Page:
Rose then gave Lane a cross-corner whip, tried a monkey flip, but got rebuffed.
then gave Rose a cross-corner whip but came up empty on his follow-through.
As Condrey distracted Long, Rose gave Eaton an atomic drop on the concrete floor.
After Rose gave Eaton a cross-corner whip, he whipped Condrey into him.
With Eaton on the concrete floor, Rose mounted the second turnbuckle, leaped, and nailed him.
Back in the ring, Condrey gave Eaton a short-arm clothesline.
While Condrey occupied Long’s attention, Dangerously nailed Eaton then scampered away from an enraged Cornette.
Back in the ring, Eaton came back with a swinging neckbreaker.
Rose tagged in, clotheslined Eaton, and got 2.
Rose then attempted a piledriver, but Eaton countered with a back drop.
While Lane distracted Long, Rose mounted the second turnbuckle and nailed Eaton as Condrey held him.
After a Condrey powerslam, Rose tagged in, and Dangerously’s men attempted a Rocket Launcher but missed.
At the fifteen-minute-mark, Lane got the hot tag.
After giving Dangerously’s men a double noggin knocker, Lane delivered an enziguri to Rose.
As Lane made the cover, Eaton and Condrey distracted Long.
Meanwhile, Dangerously came into the ring and HAMMERED Lane with the cellular phone. Back then, cell phones didn’t fit in your front pocket.
As he attempted to place Rose atop Lane, Cornette came into the ring and nailed Dangerously.
Long tried to count the pin but discovered the phone in the ring.
While Rose argued with Long about the phone, Cornette’s men gave him the double goozle.
Cornette’s men won.
Summary: Excellent tag team match that had the Norfolk faithful on the edge of its seat for over fifteen minutes.
After the match, Condrey wallops both Lane and Eaton, and Cornette with the racquet. Rose then nails Cornette with the phone. As Rose holds Cornette, Dangerously hits his nemesis in the midsection with the phone. Finally, Eaton gets ahold of the racquet to chase Dangerously and his men away. The beatdown following the match adds a ½* to the match rating.
Back in the locker room, Magnum interviews the Varsity Club.
Match 3: The Russian Assassins (w/ Paul Jones) versus the Junkyard Dog & Ivan Koloff
Should the Assassins lose, they must unmask and Jones must retire. I hope Jones set aside quite a bit in his 401k from Turner.
After taking Russian Assassin #1 down to the mat, JYD delivered his customary head butts.
He then gave #1 a cross-corner whip that led to a shoulder-first bump to the ring post.
After a clothesline, JYD got 2 thanks to a foot on the bottom rope.
#2 tagged in, and Ross took a “victory” shot at him because #2 was portrayed by Jack Victory.
Afterward, a right by JYD sent #2 over the top rope to the concrete floor.
As Koloff tossed #2 back into the ring, JYD got a 2-count because Jones pulled #2’s leg under the bottom rope.
Koloff tagged in, and he and JYD gave #2 a double back elbow.
Upon hitting the Russian hammer, Koloff got a 2-count.
#2 came back by giving Koloff a cross-corner whip, but he ate boot on his follow-through.
Koloff then mounted the second turnbuckle and hit the Russian sickle on #2, but #1 made the save.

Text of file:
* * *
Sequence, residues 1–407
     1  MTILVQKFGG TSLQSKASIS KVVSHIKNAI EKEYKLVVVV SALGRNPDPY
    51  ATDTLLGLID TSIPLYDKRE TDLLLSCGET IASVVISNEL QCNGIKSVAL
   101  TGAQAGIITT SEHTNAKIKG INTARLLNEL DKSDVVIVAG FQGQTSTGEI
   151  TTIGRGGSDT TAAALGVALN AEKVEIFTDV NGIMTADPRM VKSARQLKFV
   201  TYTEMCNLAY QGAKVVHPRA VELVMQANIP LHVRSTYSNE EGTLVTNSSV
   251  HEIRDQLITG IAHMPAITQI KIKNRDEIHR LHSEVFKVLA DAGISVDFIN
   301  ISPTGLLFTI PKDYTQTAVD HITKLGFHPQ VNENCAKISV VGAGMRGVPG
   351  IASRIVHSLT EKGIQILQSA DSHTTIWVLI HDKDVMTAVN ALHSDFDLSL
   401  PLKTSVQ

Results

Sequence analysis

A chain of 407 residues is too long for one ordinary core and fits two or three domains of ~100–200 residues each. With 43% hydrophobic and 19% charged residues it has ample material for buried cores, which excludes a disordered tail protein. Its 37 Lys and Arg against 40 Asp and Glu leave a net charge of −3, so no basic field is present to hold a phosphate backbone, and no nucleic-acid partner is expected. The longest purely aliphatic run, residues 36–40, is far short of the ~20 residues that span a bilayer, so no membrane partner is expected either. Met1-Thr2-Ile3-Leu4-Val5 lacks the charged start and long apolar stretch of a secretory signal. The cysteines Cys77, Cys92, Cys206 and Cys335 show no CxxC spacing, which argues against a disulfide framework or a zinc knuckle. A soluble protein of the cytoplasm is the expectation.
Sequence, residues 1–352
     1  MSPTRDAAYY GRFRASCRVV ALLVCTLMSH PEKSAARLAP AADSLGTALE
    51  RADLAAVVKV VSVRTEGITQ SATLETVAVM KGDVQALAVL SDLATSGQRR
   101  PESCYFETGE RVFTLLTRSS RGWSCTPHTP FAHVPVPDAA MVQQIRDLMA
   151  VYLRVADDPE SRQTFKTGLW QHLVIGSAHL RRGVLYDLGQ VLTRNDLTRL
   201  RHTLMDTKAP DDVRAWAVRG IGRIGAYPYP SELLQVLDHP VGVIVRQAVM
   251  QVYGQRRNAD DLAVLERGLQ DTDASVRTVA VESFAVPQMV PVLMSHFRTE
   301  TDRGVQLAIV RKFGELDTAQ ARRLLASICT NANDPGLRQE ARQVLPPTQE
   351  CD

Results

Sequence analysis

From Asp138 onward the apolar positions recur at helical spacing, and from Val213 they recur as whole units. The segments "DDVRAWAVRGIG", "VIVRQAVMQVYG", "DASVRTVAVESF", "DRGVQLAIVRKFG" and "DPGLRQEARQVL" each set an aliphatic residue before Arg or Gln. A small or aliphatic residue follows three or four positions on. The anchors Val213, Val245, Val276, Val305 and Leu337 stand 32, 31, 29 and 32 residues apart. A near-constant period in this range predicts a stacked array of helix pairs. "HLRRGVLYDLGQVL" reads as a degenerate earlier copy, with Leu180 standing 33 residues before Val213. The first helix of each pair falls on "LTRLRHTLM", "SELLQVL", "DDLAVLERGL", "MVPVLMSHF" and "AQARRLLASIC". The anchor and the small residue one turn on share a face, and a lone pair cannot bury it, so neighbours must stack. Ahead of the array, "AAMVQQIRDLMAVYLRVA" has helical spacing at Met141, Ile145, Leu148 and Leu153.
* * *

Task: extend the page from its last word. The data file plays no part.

Speaking of #1, he tagged in but ate a back elbow from Koloff.
Koloff then gave #1 a sunset flip, but #2 distracted referee Teddy Long.
JYD tagged in, and he and Koloff delivered a double clothesline to #1.
After a snap mare, JYD missed a diving head butt.
As Koloff distracted Long, #2 held JYD while his partner came off the top turnbuckle. Unfortunately for the Assassins, he hit his partner instead of JYD.
#1 tagged in, gave JYD a cross-corner whip, and kicked him in his ample midsection. Lard is NOT your friend, JYD.
The Russian Assassins then attempted the Russian missile, but JYD evaded it.
Koloff tagged in, nailed each Assassin, and then hit Jones as he had jumped up on the apron.
Koloff and JYD then whipped the Assassins into one another.
When #2 leaped over JYD, he ran into Koloff who then knocked #1 down to the concrete floor.
After JYD gave #2 an atomic drop, Koloff delivered the Russian sickle.
Jones then gave a foreign object to #1 who promptly put it in his mask.
As Koloff covered #2, #1 delivered a diving head butt knocking Koloff into the middle of 1991.
The Assassins won. Jones was happy to hear from this guy.
Summary: Did you really think that Koloff and JYD would win given those stipulations? Tell ‘em, Al!
Match 4 for the NWA World TV title: Mike Rotunda (champion w/ Kevin Sullivan) versus Rick Steiner
Similar to Clash II, Sullivan was locked in a shark cage during this match.
Rotunda and Steiner brawled at the onset until Rotunda sought refuge outside the ring.
According to Ross, Steiner dedicated this match to his mother. Aw.
After a leap frog by Rotunda, Steiner delivered a Steinerline.
As they traded holds on the mat, Ross shilled Chi-Town Rumble on February 20. I can’t wait to reflect upon that show.
Rotunda then countered a side head lock into a side salto. Did he get fries with that too?
He then missed an elbow drop.
After Rotunda missed a clothesline, Steiner hit a cross body block for 2.
As the Norfolk faithful chanted “Syracuse sucks,” Rotunda tossed Steiner between the ropes to the concrete floor.
At the ten-minute-mark, Rotunda joined Steiner outside the ring and guillotined him using the steel railing.
As Steiner got up on the apron, Rotunda guillotined him using the top rope. Effective!
He then gave Steiner a baseball slide to send him back down to the concrete floor.
Upon Steiner’s return to the ring, Rotunda gave him a back drop then applied a rope-assisted rear chin lock.